2. The LXX translators used “demon” at Leviticus 17:1-7 for the Hebrew word seirim, “he-goats” or “hairy satyrs.”  These were another object of idolatrous worship.
            3. “Demons” was used for the Hebrew word elilim, “idols,” at Psalm 96:5.
            4. “Demons” was used for the Hebrew word gad, a god of fortune, at Isaiah 65:11.  Gad was another idol worshiped by the Babylonians, elsewhere also called Baal.
            5. The use of “demon” at Psalm 91:6, where the Hebrew word is “destruction,” seems to be a trace of the popular notion creeping into the translators’ minds, that “hard luck” or “tragic reverses” were the results of malignant demons.
          • In Josephus we find the word demon used always of evil spirits; and he says expressly, “Demons are no other than the spirits of the wicked, that enter into men and kill them, unless they can obtain some help against them.”[14]  He speaks of their exorcism by fumigation (as in Tobit 8:2,3), or by means of roots and using the name of Solomon.  Josephus also believed the origin of the demons to be found in the offspring of the union of the “sons of God” and the “daughters of men” at Genesis 6:2.[15]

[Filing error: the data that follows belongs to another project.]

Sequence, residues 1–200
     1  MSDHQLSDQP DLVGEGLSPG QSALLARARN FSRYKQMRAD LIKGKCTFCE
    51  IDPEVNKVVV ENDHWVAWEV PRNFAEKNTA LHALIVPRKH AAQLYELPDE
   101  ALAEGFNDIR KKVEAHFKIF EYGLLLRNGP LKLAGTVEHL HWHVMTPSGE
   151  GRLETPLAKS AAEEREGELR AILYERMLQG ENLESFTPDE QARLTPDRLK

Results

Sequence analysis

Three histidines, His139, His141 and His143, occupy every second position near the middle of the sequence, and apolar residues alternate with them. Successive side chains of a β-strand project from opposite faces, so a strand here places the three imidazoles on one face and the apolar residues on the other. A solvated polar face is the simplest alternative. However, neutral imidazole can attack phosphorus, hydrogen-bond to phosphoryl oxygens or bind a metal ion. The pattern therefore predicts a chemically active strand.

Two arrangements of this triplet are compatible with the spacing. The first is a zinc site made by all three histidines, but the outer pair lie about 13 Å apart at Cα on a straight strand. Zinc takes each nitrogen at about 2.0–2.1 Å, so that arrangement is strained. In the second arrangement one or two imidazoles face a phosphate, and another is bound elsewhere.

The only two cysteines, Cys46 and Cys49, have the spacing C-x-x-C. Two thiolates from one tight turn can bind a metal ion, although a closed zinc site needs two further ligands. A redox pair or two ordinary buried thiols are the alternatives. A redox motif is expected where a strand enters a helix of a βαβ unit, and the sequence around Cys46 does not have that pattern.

• Philo, in De Gigantibus, used the word demon in a more general sense, as equivalent to “angels,” and referring to both good and evil beings.  Philo also held to the “angel hypothesis” (similar to Josephus) as explaining the origin of the demons.

             C. In Scripture

                • As to their existence, Scripture presents demons as really and truly existing.  Jesus and the Scripture writers speak of them, without any hint of the slightest doubt as to their actual existence.

                  1. In the Old Testament, as noted in the previous point, the sheddim and the seirim, which were both objects of idolatrous worship, were demonic conceptions.